About 25 kilometers northeast of Rouen (map) sits the Martainville Chateau, a large renaissance marvel which takes your breath away, looming suddenly from a turn in the road.
In spite of it being the long way around, coming from the direction of my house, I do prefer taking the road from Rouen, just for this reason.
It always makes me think: what would this place have looked like, approached on horseback or from a lurching carriage window in the time period of its heyday?
Quite often, the original approach roads to these jewels of architecture are no longer accessible. Modern car usage has altered traffic patterns and caused detours around these places, making access possible only from skewed angles which must make their architects squirm in their graves.
Renaissance designers had the whole experience planned out to a “t”. The approach was through a tree lined drive. The longer it was, the more majestic the trees, the more important the owner of the great house or chateau.
Of course the locations of military fortresses were different for obvious reasons. Woods surrounding a military stronghold would provide camouflage for the attacking enemy. Therefore, if a castle is set in an open area on a rise or promontory above a valley, its vocation would be of strategic rather than social value.
The Martainville chateau was built as a country residence for a very prominent family of businessmen from Rouen. They were most definitely looking to display their stature in society with the grandeur of their weekend residence.
Grand it was and grand it remains, in spite of the approach road veering off to the left at the last minute, the destination no longer this particular residence, but rather some town further along the road. You do get a great view at an opportune instant; unfortunately you cannot stop the car and get a full frontal photo.
The car park is located at one side, as well as the entrance to the grounds.
I suspect that the entrance used by visitors today would quite possibly have been originally been used for livestock or at best suppliers. This seems very wrong somehow and diminishes the impact this amazing building should have on anyone seeing it for the first time.
Hence my car detour for my guests so that they may at least get a quick “Holy Cow!” view of the Martainville chateau before its dismissive side approach on foot.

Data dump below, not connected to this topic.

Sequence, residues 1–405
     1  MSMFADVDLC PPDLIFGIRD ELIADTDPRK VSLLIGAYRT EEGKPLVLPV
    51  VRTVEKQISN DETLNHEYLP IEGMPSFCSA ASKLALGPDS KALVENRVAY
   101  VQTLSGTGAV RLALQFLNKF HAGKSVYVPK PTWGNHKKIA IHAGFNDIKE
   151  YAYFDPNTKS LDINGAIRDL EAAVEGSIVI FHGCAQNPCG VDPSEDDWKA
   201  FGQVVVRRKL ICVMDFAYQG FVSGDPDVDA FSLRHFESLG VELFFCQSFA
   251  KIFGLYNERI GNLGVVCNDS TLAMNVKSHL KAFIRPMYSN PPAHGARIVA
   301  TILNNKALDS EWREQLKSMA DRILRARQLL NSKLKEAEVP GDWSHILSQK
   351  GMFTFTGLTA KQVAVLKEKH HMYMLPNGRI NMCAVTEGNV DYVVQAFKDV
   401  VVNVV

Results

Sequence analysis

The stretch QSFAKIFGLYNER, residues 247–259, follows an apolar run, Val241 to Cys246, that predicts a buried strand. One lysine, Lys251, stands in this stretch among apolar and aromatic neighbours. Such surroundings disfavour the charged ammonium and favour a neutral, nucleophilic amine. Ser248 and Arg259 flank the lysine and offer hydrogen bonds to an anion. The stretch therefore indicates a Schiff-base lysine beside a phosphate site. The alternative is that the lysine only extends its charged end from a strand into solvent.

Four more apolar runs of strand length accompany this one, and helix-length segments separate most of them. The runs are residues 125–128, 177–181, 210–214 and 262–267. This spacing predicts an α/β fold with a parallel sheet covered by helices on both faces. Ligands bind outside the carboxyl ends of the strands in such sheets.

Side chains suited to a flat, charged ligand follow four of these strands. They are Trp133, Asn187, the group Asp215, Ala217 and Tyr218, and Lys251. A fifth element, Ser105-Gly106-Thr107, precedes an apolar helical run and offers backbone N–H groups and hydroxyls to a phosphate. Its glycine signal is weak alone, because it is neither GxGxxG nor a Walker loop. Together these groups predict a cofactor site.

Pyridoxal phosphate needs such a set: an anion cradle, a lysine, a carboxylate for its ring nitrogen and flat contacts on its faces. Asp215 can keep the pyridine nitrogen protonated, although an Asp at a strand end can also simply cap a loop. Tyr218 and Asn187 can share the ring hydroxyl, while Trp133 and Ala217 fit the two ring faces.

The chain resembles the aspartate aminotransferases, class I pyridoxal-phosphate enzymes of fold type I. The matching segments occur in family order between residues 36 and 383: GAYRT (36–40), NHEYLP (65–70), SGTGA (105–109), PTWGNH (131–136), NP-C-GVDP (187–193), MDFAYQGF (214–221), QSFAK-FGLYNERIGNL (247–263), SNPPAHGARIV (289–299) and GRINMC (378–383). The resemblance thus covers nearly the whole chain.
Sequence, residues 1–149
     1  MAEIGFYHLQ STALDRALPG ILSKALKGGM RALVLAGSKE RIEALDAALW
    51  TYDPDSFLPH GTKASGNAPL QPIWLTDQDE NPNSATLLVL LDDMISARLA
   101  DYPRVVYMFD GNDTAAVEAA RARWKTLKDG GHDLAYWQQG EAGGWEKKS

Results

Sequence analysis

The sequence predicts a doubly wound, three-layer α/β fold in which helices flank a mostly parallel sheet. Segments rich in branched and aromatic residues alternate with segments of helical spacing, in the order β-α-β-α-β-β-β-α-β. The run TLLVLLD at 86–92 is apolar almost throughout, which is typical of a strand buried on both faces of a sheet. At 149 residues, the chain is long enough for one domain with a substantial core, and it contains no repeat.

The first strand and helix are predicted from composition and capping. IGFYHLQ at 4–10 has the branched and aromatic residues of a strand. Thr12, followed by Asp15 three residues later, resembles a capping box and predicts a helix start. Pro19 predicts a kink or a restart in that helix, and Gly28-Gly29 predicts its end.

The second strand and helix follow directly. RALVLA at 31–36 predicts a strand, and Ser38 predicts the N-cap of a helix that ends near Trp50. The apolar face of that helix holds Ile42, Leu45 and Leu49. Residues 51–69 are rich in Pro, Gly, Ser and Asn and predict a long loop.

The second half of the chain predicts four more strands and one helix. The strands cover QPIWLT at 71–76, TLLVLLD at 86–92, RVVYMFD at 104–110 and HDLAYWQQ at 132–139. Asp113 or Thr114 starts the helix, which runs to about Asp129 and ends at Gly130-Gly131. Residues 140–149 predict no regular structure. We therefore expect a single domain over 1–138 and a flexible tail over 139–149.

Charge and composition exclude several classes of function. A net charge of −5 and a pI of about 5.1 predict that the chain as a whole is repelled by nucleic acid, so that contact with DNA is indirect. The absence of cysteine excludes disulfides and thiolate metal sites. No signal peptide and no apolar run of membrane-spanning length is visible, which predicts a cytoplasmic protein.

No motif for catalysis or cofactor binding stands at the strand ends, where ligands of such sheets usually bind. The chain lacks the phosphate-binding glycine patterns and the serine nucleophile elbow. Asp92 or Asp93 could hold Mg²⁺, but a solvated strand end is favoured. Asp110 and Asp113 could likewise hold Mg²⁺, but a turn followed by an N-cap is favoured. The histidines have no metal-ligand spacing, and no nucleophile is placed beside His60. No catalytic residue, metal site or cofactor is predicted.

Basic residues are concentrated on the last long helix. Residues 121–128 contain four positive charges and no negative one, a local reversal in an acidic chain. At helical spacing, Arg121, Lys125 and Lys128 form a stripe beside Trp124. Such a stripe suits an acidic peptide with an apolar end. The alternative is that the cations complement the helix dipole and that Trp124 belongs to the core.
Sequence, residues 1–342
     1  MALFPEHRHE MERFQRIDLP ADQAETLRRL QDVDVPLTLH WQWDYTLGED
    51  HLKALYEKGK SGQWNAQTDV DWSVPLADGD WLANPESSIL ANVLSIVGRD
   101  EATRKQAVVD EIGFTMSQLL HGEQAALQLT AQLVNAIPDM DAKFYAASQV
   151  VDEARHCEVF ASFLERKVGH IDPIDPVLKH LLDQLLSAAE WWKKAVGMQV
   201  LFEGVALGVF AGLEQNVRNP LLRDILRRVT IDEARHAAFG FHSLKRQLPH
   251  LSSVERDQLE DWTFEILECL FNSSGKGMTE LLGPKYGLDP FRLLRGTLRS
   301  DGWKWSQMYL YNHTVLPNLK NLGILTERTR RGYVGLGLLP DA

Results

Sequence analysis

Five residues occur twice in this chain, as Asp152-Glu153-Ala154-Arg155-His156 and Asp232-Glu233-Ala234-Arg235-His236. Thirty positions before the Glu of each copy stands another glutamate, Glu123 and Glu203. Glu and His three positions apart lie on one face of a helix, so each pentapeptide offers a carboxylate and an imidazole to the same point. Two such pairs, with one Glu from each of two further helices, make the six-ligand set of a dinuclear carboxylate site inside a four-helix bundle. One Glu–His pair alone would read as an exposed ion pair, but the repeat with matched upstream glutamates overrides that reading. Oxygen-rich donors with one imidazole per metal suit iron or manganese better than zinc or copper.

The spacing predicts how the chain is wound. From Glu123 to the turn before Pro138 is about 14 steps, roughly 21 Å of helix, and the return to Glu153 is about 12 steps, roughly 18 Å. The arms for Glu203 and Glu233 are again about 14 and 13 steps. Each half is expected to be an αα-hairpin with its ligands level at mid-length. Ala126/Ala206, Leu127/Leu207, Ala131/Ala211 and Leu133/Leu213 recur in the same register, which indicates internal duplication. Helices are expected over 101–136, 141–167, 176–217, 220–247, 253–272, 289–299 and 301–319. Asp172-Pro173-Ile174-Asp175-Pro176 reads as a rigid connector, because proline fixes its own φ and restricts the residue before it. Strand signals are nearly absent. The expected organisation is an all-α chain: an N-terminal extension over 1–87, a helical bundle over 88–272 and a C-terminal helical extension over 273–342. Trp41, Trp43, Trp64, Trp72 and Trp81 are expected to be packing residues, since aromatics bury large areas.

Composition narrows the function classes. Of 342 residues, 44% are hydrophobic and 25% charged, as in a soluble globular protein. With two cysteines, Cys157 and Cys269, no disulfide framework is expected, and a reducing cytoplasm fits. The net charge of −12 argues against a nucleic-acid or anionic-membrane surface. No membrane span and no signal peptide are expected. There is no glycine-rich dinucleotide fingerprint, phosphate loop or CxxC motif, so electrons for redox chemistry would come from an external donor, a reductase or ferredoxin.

Built in 1485 by Jacques Le Pelletier, of the afore-mentioned wealthy family of business men from Rouen whose holdings were primarily in ship trade from the nearby Norman coast, the original design of the Martainville chateau was decidedly military in aspect, but with some very modern touches, such as the decorative glazed brickwork.
The interior of the castle boasted some thoroughly modern traits as well. All of the rooms branch off from a central hall, a design concept considered innovative for the times.
But the special treat for the inhabitants was, undoubtedly, the inclusion of fireplaces on all of the upper floors in each of the larger rooms. This was rarely the case in the 15th century. Because heat rises, the farther up you go, the less important the fireplace becomes. The servants’ quarters in the upper floors of less well-conceived great houses were freezing. The inhabitants of the Martainville chateau were very fortunate indeed.
Several years later, his nephew Jacques the second, Le Pelletier brought about some structural changes, modernizing the house even more. The moats were filled in, the drawbridge was replaced with a sculpted stone entrance and walls were built around the perimeter of the garden. Outbuildings were added to house the necessary stables, cider press and store rooms. He also enlarged the window casements, bringing in more light.
The castle no longer resembled the military fortress of his uncle's days, but more and more a dignified, sumptuous residence flanked by four towers on each of its corners.
It was during this time that he earned the title of viscount of Martainville, further glorifying his family by officially entering the nobility, a huge achievement for a bourgeois family of entrepreneurs.
Throughout the years after Jacques the 2nd, the estate was passed from father to son until 1757, when the family lineage seems to have been interrupted.
The estate entered a period of instability and was sold from family to family.
In 1905 it came into the hands of a livestock trader who bought the Martainville chateau as well as part of the lands. Under his direction, the tree lined drive was cut down, and the demolition of the castle began.
The state government stepped in at the last minute and retrieved the estate. Unfortunately, the furnishings had all been dispersed by then and the castle itself had already suffered periods of abandonment as well as occupation by the Prussian army.
Finally, in 1955, the French government started restoration work and in 1965 a museum was opened in the castle, with the theme Norman arts and traditions.
Visiting the Martainville Chateau Today
The ground floor of the museum is given over to traditional furniture ranging from the XVth century to the XIXth century.
The 2nd floor is devoted to daily life in the region, and houses rooms with kitchen utensils and home crafts.
The Upper floor has a nice collection of traditional clothing from the XVIIIth and XIXth centuries.
Today this museum is open to the public daily except Tuesdays, Sunday mornings and certain holidays from 10am to 12:30pm and then again from 2pm until 5pm during the winter months and until 6pm in the summer.
The entrance fee is € 3. There are special over 60 rates and students can visit for free.
Well worth the small entrance fee!
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